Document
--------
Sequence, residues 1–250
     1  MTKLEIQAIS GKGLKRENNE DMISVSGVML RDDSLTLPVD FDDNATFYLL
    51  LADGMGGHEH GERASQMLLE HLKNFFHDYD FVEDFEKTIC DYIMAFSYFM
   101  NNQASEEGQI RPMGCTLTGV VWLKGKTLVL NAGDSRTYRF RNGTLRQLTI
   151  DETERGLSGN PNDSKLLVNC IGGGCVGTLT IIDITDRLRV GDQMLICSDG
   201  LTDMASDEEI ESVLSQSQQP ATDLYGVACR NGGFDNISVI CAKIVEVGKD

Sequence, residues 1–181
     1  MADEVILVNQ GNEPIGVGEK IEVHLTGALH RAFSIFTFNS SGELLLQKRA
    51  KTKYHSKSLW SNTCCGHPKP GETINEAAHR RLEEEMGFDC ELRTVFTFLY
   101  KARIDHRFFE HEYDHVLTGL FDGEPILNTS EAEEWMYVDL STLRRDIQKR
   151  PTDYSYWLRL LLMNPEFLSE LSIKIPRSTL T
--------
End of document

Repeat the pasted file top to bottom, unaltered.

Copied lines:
Sequence, residues 1–250
     1  MTKLEIQAIS GKGLKRENNE DMISVSGVML RDDSLTLPVD FDDNATFYLL
    51  LADGMGGHEH GERASQMLLE HLKNFFHDYD FVEDFEKTIC DYIMAFSYFM
   101  NNQASEEGQI RPMGCTLTGV VWLKGKTLVL NAGDSRTYRF RNGTLRQLTI
   151  DETERGLSGN PNDSKLLVNC IGGGCVGTLT IIDITDRLRV GDQMLICSDG
   201  LTDMASDEEI ESVLSQSQQP ATDLYGVACR NGGFDNISVI CAKIVEVGKD

Sequence, residues 1–181
     1  MADEVILVNQ GNEPIGVGEK IEVHLTGALH RAFSIFTFNS SGELLLQKRA
    51  KTKYHSKSLW SNTCCGHPKP GETINEAAHR RLEEEMGFDC ELRTVFTFLY
   101  KARIDHRFFE HEYDHVLTGL FDGEPILNTS EAEEWMYVDL STLRRDIQKR
   151  PTDYSYWLRL LLMNPEFLSE LSIKIPRSTL T